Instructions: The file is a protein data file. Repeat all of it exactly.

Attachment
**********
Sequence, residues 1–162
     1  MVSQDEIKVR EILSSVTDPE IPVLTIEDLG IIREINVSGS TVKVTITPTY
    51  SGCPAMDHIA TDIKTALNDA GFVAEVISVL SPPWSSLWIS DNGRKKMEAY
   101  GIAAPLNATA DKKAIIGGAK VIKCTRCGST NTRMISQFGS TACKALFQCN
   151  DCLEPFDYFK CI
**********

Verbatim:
Sequence, residues 1–162
     1  MVSQDEIKVR EILSSVTDPE IPVLTIEDLG IIREINVSGS TVKVTITPTY
    51  SGCPAMDHIA TDIKTALNDA GFVAEVISVL SPPWSSLWIS DNGRKKMEAY
   101  GIAAPLNATA DKKAIIGGAK VIKCTRCGST NTRMISQFGS TACKALFQCN
   151  DCLEPFDYFK CI